• Mon
  • Dec 29, 2014
  • Updated: 12:39am

Depths of despair

PUBLISHED : Friday, 27 June, 2003, 12:00am
UPDATED : Friday, 27 June, 2003, 12:00am
 

AT A GLANCE, the search appears to be just another deep sea mission driven by the human obsession with huge vessels, such as with the doomed Titanic.


The Argentine warship ARA General Belgrano lies at a depth of 4,200 metres on the sea bed of the South Atlantic ocean. It once had the reputation of being 'the luckiest ship in the navy' for its uncanny ability to escape every battle pretty much unscathed.


However, shortly into watching The Sinking of the Belgrano - National Geographic Channel's highlight for June - I realised that the programme was about more than just a hunt for the wreck of a legendary vessel.


The Belgrano met a tragic end. Argentina had intended to turn the 44-year-old American-made cruiser into a floating museum, but the Falklands war turned that plan on its head.


On May 2, 1982, hundreds died as the 'lucky ship' was torpedoed and sunk by the British submarine Conqueror.


There were 1,093 sailors on board, and the surviving crew members, shell-shocked, had to fight for their lives in the icy waters.


The documentary not only relives the tension similar to that in the Hollywood movie, The Hunt for Red October, but also people's distorted images of life and of the horrors of a war 'that most people hoped was avoidable but was then being fought in earnest'.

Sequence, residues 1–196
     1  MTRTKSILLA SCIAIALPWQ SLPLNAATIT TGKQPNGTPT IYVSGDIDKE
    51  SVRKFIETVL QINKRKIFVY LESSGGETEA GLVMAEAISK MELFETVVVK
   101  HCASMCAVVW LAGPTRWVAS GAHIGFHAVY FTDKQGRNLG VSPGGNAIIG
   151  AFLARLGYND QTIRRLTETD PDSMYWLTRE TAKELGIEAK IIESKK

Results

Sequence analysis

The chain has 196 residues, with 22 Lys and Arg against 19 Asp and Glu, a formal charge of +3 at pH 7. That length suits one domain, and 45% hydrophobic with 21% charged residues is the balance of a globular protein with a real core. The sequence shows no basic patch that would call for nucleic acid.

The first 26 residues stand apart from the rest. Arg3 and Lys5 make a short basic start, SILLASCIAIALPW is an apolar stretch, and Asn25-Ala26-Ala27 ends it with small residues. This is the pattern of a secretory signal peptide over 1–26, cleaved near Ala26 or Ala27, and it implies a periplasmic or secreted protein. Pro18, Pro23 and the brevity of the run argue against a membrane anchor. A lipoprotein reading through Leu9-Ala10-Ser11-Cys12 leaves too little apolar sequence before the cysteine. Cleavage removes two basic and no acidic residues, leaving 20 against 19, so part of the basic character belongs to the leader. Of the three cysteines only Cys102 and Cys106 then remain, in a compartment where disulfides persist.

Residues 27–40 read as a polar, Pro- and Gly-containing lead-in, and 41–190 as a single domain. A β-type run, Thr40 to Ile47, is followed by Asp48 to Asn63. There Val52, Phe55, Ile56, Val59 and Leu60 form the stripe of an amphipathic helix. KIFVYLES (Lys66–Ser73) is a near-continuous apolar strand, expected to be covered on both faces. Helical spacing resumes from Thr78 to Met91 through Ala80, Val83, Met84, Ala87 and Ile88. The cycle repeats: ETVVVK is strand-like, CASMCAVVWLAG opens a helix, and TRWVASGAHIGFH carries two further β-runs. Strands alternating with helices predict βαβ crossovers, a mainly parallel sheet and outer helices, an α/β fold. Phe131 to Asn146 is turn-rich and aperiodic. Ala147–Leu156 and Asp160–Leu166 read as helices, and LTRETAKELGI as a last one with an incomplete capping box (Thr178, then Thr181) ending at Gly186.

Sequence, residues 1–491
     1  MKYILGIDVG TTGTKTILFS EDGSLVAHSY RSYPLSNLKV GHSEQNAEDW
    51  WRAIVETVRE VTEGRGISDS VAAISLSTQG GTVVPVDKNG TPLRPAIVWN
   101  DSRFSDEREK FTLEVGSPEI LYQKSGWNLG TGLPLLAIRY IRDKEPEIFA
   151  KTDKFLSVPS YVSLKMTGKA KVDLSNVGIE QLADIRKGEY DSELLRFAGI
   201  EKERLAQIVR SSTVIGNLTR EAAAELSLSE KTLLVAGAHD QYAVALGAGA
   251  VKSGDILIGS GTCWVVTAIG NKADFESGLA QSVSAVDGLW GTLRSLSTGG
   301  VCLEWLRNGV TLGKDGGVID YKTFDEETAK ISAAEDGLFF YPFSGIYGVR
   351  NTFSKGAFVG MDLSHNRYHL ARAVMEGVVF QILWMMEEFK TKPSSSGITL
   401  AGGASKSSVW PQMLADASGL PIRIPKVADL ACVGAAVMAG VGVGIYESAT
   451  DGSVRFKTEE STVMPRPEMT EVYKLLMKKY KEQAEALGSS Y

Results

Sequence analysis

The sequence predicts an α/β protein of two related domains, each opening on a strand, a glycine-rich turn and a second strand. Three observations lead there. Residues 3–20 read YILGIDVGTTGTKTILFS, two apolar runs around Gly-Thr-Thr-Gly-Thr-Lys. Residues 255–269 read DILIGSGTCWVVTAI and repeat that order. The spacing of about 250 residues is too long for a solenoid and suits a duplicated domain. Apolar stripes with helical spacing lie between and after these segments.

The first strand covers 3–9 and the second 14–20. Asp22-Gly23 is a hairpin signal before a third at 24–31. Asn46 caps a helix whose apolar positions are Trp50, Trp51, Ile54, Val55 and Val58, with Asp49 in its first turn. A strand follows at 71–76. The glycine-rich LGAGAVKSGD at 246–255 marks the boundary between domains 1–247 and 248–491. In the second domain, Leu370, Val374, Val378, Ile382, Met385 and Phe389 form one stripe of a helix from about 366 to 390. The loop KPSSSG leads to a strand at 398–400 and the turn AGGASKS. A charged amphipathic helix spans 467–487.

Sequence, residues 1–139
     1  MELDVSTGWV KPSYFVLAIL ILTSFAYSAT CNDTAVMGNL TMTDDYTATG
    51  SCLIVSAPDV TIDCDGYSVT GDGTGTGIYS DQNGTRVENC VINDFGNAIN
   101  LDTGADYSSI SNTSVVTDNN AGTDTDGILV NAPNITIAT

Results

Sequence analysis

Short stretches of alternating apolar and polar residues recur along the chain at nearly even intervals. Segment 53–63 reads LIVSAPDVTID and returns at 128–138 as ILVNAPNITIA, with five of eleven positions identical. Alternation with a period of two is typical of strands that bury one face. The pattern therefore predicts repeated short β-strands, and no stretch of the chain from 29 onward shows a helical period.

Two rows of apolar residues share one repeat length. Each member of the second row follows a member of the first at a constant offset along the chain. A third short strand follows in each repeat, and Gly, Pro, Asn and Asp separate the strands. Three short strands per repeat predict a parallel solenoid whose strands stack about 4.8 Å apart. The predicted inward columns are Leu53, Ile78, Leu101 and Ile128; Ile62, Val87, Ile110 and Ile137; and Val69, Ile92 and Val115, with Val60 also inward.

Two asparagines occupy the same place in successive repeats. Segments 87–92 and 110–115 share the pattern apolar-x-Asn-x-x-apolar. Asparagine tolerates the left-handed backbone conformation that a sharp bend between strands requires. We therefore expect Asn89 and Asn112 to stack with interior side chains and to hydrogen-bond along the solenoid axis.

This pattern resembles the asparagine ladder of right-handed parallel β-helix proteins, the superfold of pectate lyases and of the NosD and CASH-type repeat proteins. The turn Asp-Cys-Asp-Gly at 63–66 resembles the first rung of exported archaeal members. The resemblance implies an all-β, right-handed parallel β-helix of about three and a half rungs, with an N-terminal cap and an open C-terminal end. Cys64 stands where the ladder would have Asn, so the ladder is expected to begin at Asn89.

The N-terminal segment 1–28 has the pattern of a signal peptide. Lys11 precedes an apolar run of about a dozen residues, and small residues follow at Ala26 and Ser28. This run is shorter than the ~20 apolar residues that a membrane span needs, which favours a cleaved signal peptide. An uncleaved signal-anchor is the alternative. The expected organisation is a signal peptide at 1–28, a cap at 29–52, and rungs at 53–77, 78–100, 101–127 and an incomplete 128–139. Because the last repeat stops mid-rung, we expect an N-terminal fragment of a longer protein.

The clips are meticulously arranged. Sinking starts with selected quotes from officers from both sides who served in the conflict.


'I actually turned around to the captain and said, 'Come on, boss, my tubes are loaded. We can sink the lot in a one-and-out',' said a British sailor who had been on board the Conqueror.


Captain Hector Bonzo, the last commander of the Belgrano, also gave his account of events: 'The danger comes when there is silence, because silence is death.'


However, still floating in my mind many nights after watching the programme are images of the rolling greens and wild life of the Falkland Islands, or the Islas Malvinas, as they are known in Argentina.


The war, as well as the attack on the Belgrano, was controversial. But to me, what was ludicrous was the people's failure to appreciate the beauty of nature and human life. Driven by an overwhelming sense of patriotism, the soldiers were blinded by their determination to out-manoeuvre the enemy.


Although the programme sheds light on the war, it is more appropriate to take it as a warning. Let's rethink the role of mankind in the world.


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